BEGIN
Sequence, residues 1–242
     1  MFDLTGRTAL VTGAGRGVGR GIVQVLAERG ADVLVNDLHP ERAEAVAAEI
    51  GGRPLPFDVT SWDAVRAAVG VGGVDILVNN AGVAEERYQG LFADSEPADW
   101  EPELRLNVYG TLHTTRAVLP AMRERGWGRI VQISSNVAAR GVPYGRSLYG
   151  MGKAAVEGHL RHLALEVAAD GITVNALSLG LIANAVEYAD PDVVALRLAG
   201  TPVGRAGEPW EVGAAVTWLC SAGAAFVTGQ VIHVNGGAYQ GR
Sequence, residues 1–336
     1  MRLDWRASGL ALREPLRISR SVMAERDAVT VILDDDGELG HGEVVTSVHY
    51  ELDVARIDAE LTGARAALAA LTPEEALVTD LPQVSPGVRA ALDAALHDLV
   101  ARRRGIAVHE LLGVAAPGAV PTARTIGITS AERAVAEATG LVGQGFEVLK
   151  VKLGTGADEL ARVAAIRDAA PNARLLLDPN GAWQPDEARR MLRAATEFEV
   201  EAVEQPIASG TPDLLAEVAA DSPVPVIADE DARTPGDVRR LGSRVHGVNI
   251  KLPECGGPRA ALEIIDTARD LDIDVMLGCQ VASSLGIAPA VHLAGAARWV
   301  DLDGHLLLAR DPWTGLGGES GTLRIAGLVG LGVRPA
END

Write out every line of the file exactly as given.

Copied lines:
Sequence, residues 1–242
     1  MFDLTGRTAL VTGAGRGVGR GIVQVLAERG ADVLVNDLHP ERAEAVAAEI
    51  GGRPLPFDVT SWDAVRAAVG VGGVDILVNN AGVAEERYQG LFADSEPADW
   101  EPELRLNVYG TLHTTRAVLP AMRERGWGRI VQISSNVAAR GVPYGRSLYG
   151  MGKAAVEGHL RHLALEVAAD GITVNALSLG LIANAVEYAD PDVVALRLAG
   201  TPVGRAGEPW EVGAAVTWLC SAGAAFVTGQ VIHVNGGAYQ GR
Sequence, residues 1–336
     1  MRLDWRASGL ALREPLRISR SVMAERDAVT VILDDDGELG HGEVVTSVHY
    51  ELDVARIDAE LTGARAALAA LTPEEALVTD LPQVSPGVRA ALDAALHDLV
   101  ARRRGIAVHE LLGVAAPGAV PTARTIGITS AERAVAEATG LVGQGFEVLK
   151  VKLGTGADEL ARVAAIRDAA PNARLLLDPN GAWQPDEARR MLRAATEFEV
   201  EAVEQPIASG TPDLLAEVAA DSPVPVIADE DARTPGDVRR LGSRVHGVNI
   251  KLPECGGPRA ALEIIDTARD LDIDVMLGCQ VASSLGIAPA VHLAGAARWV
   301  DLDGHLLLAR DPWTGLGGES GTLRIAGLVG LGVRPA